Even the most expensive, extravagant homes can fall into disrepair without proper care.
These mansions were likely worth the equivalent of millions of dollars when they were built.
Years later, they sit abandoned in varying states of deterioration.
When they were built, these lavish homes were likely worth today's equivalent of millions of dollars. Now, they're falling apart.
From a villa that's been sitting empty for 70 years on an island in upstate
New York to a Gothic manor in
Scotland, here are 10 abandoned mansions around the world that were once worth millions of dollars.
The Carleton Island Villa, a dilapidated mansion that sits on an island in Cape Vincent, New York, hasn't been inhabited for 70 years.
The 11-bedroom mansion was constructed around 1895 for William O. Wyckoff, who made his fortune from the Remington firearm and typewriter company. Around the World War II Era, contractors went in and removed the interior and doors and windows.
The mansion is now for sale for $495,000 — but whoever buys it will certainly need to spend much more than that on repairs and restoration.
Halcyon Hall in Millbrook, New York was built as a luxury hotel in 1893 and became part of Bennett College in 1907. The women's college closed down in 1978.
The now-decrepit mansion was purchased in 2014 with plans to demolish it and replace it with a park.
But in August 2016, the owners reported that the mansion would stay standing for "a few years" while they untangled property rights issues.
The Swannanoa mansion in Lyndhurst, Virginia, was built in 1912 by railroad millionaire James H. Dooley, who reportedly built it for his wife.
When the couple passed away, the 52-room house was used as a country club for a time. Then, a scientist couple leased the mansion and turned it into a museum while continuing to live there until their deaths. Nobody has lived in the house since 1988.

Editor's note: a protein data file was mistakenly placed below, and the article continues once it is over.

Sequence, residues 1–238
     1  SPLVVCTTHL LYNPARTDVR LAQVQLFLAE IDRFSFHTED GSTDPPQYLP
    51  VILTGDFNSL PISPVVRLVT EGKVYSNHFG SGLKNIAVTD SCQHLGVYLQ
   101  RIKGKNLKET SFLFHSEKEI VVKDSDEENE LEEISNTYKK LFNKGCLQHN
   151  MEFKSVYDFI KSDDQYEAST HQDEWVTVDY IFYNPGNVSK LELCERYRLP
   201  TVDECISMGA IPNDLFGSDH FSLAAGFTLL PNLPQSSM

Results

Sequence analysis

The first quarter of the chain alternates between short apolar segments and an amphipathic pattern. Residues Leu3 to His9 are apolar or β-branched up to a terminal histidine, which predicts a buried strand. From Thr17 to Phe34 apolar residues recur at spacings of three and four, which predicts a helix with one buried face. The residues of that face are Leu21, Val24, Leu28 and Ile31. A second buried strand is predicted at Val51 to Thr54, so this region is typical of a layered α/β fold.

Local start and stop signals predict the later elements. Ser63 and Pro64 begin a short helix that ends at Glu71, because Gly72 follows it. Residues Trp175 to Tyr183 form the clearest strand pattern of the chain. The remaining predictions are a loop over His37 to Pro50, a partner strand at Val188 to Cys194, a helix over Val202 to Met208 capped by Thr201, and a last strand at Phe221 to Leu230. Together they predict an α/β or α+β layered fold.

The mansion is occasionally still open to the public for weddings and other events, but local residents have complained that the estate has been mismanaged and that its condition is deteriorating.
The Cambusnethan House in North Lanarkshire, Scotland, is one of the last remaining Gothic mansions in the country.
The mansion was built in 1819 to replace an early 17th-century house that burned down in 1810. In the 1970s, the house was used for mock medieval banquets, but it was further damaged by fire in the 1980s.
Cambusnethan House is on Scotland's Buildings at Risk Register at a "critical" risk level. A group called "Friends of Cambusnethan Priory" was established in 2014 to try to save the building from any further deterioration.
Lynnewood Hall, a 110-room, century-old Gilded Age palace just outside of Philadelphia, was designed by Horace Trumbauer in the late 1890s.
It cost an estimated $200 million to build in today's dollars. Although it's still in relatively good condition, it could cost up to $40 million to restore the hall and its grounds to their former glory, according to David B. Rowland, president of the Old York Road Historical Society.
Despite its state of disrepair, Lynnewood Hall is actually still worth millions — it's on the market for $15.5 million.